Some reflections upon reading Tom Holland’s Dominion
Recently, one of my Muslim acquaintances went on a series of crusades regarding the state of women in her country. What surprised me about these social media rants was how she managed to read 21st century progressive ideals back into the practices of her premodern religion. It never occurred to her that the social context of the customs of her religion were not isomorphic to the values present in the social context of a western liberal democracy. That there was a ‘True Islam’ being corrupted by all those patriarchal mullahs seemed so obvious as to require no justification, and received no pushback. Such anachronistic views, however, are common amongst adherents of all religions today. Why is that so?
Often, when people hear the word religion, their minds conjure up ideas of confessional identity and beliefs (Especially that on the existence of ‘A’ supernatural being). Such discourse often leaves behind values, assumptions and attitudes. What remains is a discourse stricken by a poverty of insight, unable to excavate the pervasive influence of religion today. That many of the pervasive ideas originating from religion float around in non-theistic coats today should not fool us into thinking that they do not possess any links to religion. Such confusions can be cleared if one were to just adopt a genealogical approach.
With this privileged perspective, we will not have to suffer the myopic perspective that plagues Senator Rubio
Or be besotted with concerns of what are the ‘core beliefs’ of Christianity, as is the case with the commentator below, who does not realize that, with time, what may once have been a fringe belief can take the form of a ‘core’ belief later.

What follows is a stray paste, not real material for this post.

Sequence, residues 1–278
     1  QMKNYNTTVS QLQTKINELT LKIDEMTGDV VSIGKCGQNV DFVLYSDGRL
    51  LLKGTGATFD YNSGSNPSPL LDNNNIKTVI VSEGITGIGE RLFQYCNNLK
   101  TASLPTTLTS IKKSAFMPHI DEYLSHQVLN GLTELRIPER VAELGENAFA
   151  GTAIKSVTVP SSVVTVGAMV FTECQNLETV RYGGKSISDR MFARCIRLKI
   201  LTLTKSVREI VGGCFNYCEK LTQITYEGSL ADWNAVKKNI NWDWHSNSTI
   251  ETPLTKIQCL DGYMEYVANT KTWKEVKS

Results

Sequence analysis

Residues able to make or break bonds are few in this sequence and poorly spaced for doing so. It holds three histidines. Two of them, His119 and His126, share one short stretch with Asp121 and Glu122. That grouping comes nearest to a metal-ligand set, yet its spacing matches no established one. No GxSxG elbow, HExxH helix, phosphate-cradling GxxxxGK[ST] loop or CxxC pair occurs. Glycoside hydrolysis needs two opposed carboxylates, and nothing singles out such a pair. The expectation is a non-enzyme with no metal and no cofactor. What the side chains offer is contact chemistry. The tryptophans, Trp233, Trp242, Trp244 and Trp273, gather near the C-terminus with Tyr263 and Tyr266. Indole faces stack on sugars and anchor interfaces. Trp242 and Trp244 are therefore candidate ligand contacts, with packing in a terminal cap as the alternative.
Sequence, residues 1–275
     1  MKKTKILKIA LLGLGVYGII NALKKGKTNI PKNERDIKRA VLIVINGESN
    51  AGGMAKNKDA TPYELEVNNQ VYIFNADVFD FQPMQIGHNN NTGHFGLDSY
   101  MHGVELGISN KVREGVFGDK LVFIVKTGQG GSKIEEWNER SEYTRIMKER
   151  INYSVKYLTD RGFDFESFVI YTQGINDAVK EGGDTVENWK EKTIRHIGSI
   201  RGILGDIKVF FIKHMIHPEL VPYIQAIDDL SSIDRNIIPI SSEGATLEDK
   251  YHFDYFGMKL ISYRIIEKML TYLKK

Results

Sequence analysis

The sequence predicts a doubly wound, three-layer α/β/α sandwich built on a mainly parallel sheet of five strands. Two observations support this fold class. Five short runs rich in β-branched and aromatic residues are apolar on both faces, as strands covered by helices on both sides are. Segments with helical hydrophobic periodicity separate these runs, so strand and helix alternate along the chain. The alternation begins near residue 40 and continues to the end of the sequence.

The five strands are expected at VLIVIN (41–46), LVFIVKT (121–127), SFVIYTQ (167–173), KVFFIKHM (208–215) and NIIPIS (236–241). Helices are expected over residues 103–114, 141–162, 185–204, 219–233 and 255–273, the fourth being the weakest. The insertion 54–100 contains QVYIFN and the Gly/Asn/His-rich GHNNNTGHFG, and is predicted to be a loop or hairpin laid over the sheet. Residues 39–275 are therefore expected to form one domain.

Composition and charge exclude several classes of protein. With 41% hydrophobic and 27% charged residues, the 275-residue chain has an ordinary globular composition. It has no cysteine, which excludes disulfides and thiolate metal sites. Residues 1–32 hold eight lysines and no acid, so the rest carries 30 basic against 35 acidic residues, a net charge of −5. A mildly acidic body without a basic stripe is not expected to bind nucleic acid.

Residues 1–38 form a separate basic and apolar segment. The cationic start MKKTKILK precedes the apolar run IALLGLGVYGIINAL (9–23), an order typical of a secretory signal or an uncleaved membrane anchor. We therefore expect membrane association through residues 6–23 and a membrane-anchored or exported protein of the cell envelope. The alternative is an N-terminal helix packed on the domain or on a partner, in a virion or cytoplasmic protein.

janatā janārdan hai!
One hears such slogans in political rallies. Quite surprisingly, this slogan captures the historical essence of democracy very well, the idea that there exists an Inner Light within all of us, and therefore the outcomes of an election are the expression of a divine will.
It was with this strength of the Inner Light that Benjamin and Sarah Lay deplored slave owners of Barbados and later Philadelphia, condemning fellow Christians who justified their own acts as benevolence toward the wretched pagans. In a famous incident, at an annual Quaker meeting in 1738, Ben Lay stabbed a juice-filled hollow bible, thus splattering red liquid onto an astounded audience. “Thus shall God shed the blood of those who have enslaved their fellow creatures” he yelled, with the conviction of a man possessed by the Inner Light.
It was with this strength of the Inner Light that the Diggers, led by Gerrard Winstanley, dug up land on St George’s Hill, as a protest against the monarchy, which they saw as an usurpation of God’s power.
The land of St George’s Hill may have possessed a special spiritual quality, for John Lennon conjured up ‘Imagine’ in precisely the same location, but three centuries later.
Winstanley would certainly have approved of the part of lyrics that called for the brotherhood of man, for no possessions, for no countries. Don’t be fooled by the dreams of no heaven, no hell or no religion, though. Such was the self-cannibalizing nature of various seeds of Protestant thought, that modern day atheism owes its dues to. Spinoza and Voltaire, key figures of the enlightenment period as they were, embodied this slippery slope with their ideas. Not fully doing away with a belief in a higher deity, they both however launched passionate attacks on scriptures, on traditions, on authorities, on lay religiosity. Yet, they both advocated for a universal brotherhood of man, in a specifically Pauline manner.